It promises to be an eventful and unpredictable year for global financial markets. Will monetary policy, especially in the world's largest economy, provide more reason for investors to fret?
Certainly, 2018 has been no easy ride. Several major indexes saw a sharp decline in returns. Both the Dow Jones Industrial Average and S&P 500 shed around 6% last year, while the MSCI Emerging Markets index, plunged by 14.57%.
Towards the end of last year, trade tensions between the US and China also escalated sharply, while President Donald Trump berated officials for keeping monetary policy too tight.
The return to market volatility amid growing concerns about growth prospects, particularly in the second half of last year, prompted the Federal Reserve to move in the direction of soothing frayed investor nerves.
In January, after making a relatively sombre assessment of the US economy, the central bank opted to keep interest rates on hold and dramatically altered its interest rate guidance, indicating it was prepared to be patient before taking its next rate step. It also showed signs it might end its plan to wind down its balance sheet.
Indeed, the Fed itself seemed unsure about what to do next with interest rates given rising economic challenges. Many investors now expect a synchronised global growth slowdown over the next 24 months, and possibly even a mild recession.
Will that stop the Fed in its interest rate tracks, after raising the benchmark rate four times in 2018 to a band of 2.25%-2.5%?
From being utterly certain that the benchmark Fed funds rate would continue to climb higher in 2019, a growing band of experts now believe that rates will be put on pause this year. Indeed, a few investors are also betting that the interest rate could even be cut should economic conditions worsen.
AsianInvestor asked the CIOs of a Chinese lifer and a wealth management firm, along with a multi-asset solutions expert, a rates specialist and market strategist for their views on what could be next for US monetary policy and what that could mean for fixed income investments.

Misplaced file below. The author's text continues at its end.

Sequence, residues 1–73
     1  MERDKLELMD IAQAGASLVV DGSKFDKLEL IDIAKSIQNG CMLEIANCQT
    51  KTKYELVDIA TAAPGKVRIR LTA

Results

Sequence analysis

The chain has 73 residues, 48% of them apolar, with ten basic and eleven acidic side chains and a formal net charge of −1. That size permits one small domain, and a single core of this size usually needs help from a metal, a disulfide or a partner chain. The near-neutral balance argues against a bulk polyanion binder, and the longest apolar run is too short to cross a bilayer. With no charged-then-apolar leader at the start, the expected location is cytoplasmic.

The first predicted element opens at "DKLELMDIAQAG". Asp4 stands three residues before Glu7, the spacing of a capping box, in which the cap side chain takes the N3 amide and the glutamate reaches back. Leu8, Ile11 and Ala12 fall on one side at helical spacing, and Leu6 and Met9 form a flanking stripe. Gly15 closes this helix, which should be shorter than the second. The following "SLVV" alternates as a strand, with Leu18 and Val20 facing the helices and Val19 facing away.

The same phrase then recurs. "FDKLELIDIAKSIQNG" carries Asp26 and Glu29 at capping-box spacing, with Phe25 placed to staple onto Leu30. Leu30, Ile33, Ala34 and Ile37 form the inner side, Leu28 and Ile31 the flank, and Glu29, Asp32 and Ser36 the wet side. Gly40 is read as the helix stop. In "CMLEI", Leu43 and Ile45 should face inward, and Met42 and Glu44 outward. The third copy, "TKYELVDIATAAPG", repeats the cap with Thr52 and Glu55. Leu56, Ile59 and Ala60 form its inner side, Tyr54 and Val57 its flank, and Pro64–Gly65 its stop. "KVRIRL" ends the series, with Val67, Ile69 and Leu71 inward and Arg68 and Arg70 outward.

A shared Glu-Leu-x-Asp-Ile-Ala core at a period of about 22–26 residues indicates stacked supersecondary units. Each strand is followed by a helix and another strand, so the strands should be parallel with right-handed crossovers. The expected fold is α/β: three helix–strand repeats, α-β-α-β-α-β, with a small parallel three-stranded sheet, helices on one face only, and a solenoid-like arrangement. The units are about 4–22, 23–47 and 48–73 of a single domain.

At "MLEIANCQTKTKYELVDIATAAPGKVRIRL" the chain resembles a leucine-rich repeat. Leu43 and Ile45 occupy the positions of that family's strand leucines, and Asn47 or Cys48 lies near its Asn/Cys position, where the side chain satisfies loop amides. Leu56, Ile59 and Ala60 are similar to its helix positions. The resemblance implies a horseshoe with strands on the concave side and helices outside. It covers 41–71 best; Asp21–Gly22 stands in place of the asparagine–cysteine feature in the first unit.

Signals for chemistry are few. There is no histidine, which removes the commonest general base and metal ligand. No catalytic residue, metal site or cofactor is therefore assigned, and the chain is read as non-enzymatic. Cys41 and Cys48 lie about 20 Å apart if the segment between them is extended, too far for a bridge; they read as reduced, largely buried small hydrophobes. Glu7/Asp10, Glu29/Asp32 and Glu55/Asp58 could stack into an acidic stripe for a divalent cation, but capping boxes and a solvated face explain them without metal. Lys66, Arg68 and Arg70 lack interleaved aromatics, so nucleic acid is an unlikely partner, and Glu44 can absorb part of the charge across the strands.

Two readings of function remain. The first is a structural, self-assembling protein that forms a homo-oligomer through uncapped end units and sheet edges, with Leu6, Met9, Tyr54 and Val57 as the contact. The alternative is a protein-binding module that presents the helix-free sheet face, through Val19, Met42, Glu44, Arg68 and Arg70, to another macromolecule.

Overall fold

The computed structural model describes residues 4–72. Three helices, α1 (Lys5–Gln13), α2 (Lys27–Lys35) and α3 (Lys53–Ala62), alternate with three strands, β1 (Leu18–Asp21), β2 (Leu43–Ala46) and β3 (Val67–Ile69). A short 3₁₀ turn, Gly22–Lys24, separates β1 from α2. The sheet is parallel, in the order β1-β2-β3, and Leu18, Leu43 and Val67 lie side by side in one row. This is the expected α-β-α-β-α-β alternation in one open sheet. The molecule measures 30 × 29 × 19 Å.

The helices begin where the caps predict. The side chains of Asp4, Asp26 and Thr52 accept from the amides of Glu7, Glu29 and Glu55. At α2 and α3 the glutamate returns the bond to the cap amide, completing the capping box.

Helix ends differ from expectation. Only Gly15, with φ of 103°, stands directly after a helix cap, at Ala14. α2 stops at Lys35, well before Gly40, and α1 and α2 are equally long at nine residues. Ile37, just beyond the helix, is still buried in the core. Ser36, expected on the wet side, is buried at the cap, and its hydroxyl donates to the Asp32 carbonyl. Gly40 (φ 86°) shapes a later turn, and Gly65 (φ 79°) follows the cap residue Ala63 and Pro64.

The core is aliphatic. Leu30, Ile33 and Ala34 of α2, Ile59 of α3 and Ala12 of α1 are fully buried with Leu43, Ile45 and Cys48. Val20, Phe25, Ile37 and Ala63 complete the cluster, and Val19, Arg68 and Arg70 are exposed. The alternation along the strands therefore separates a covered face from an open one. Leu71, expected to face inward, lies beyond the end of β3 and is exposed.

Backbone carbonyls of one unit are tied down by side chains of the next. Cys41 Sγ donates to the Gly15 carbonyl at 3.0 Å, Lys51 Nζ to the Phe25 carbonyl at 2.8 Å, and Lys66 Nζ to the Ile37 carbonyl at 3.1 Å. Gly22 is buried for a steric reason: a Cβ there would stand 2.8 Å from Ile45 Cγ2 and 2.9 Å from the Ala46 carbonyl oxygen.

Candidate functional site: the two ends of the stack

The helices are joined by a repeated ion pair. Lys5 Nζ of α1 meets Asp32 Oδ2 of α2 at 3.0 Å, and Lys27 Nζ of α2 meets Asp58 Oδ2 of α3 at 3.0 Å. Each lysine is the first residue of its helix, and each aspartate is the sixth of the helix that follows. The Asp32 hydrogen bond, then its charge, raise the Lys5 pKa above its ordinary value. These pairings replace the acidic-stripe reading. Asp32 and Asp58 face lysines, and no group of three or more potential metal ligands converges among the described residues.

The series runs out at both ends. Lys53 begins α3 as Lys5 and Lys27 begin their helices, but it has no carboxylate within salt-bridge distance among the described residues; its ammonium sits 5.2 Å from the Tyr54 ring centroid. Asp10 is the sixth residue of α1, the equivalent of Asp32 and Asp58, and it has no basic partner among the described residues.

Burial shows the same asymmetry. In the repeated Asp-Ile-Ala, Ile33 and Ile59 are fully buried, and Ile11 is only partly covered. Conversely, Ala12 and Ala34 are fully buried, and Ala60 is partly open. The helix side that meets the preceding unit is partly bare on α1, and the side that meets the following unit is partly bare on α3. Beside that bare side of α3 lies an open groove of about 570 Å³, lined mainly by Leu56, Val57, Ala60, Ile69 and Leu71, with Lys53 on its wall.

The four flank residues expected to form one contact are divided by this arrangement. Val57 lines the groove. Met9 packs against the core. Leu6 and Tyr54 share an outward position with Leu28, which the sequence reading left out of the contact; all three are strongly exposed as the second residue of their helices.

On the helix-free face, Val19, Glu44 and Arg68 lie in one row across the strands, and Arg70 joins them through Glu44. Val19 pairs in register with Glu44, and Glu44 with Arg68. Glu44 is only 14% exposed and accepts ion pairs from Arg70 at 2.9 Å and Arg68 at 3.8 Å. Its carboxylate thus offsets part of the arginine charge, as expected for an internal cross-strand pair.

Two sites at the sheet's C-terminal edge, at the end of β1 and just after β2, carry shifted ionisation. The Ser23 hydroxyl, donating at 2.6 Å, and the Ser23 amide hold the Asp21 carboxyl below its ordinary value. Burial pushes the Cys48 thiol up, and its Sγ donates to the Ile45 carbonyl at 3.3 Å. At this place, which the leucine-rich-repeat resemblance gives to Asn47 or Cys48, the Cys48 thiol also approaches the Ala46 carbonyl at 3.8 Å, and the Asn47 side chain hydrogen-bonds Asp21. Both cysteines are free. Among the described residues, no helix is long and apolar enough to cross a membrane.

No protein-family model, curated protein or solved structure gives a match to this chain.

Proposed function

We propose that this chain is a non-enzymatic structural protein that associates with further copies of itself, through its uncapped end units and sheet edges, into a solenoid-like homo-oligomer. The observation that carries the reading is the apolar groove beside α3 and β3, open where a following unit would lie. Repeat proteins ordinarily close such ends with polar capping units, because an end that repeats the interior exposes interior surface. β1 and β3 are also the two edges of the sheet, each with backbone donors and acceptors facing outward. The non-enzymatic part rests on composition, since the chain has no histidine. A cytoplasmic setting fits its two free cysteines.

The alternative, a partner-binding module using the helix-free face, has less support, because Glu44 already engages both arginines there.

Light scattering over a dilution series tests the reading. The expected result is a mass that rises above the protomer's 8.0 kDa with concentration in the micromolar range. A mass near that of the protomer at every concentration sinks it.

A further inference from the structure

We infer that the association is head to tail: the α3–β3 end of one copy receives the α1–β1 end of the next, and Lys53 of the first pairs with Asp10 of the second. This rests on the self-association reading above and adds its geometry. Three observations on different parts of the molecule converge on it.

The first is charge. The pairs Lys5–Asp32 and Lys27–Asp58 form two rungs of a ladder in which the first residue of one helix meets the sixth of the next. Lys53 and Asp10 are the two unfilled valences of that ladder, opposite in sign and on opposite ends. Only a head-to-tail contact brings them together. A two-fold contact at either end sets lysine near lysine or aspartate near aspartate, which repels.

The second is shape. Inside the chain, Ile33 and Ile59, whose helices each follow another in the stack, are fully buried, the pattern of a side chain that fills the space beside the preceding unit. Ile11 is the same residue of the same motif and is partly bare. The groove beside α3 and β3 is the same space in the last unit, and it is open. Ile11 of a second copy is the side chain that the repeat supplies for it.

The following extracts have been edited for brevity and clarity.
Benjamin Deng, group chief investment officer
China Pacific Insurance Company
My base-case scenario is the US will stay put on interest rates. But I wouldn’t be surprised if they cut rates if the market data deteriorates. That may be a result of ‘unfavourable progress’ of the trade war. The US was in a mode of “reloading the gun” when it raised interest rates earlier, as it could then have the “munitions” to tackle a worsening economy by lowering interest rates.
In fact, the US economy has never fully recovered [from the global financial crisis]. The unemployment rate is very low, but on the other hand, the job participation rate is very low as well.
There is also a disparity of sectors [growing or otherwise] in the US: information technology is growing fast, but manufacturing is not returning [to previous levels].If the US and China do not have any agreement towards settling the trade war, we are very likely to see the US economy start going down.
Geographically, there is a polarisation as well: you can see San Francisco and California booming, but when you look at the mid-West, or upstate New York, you also see that a lot of cities are just deteriorating. The way I see it, it is taking the US a much longer time to recover.
Tuan Huynh, CIO and head of discretionary portfolio management for emerging markets
Deustsche Wealth Management
We expect the Fed to raise interest rate once (25 bps) this year, likely in the second or third quarter. There are three main reasons. Firstly, wage growth in the US could continue to rise in the first half of this year given the robust labour market. Secondly, oil price may go up again from the current low level, which would support the headline inflation in the US. Thirdly, the financial conditions in the US eased recently with the lower yields and higher stock market. The Fed may consider raising rates again in this environment to save bullets for future economic slowdown/recession.
In fixed income, we favor short-dated investment grade (IG) in the US. In the late cycle environment, we suggest moving up the quality ladder and investing in IG (instead of high yield). We favour short-dated bonds because long-term rates could be more affected by any changes in market environment in late cycle.
We also favor emerging market (EM) USD bonds. We think EM USD bonds would be supported by 1) the resilient EM fundamentals with GDP growth of likely above 5% this year; 2) the Fed could raise rates much slower this year compared to 2018; 3) US dollar strength could be milder this year compared to 2018. We favor both EM USD sovereign and corporate bonds. Within EM corporate bonds, we favour Asian corporate bonds over Latin America due to their lower default rates.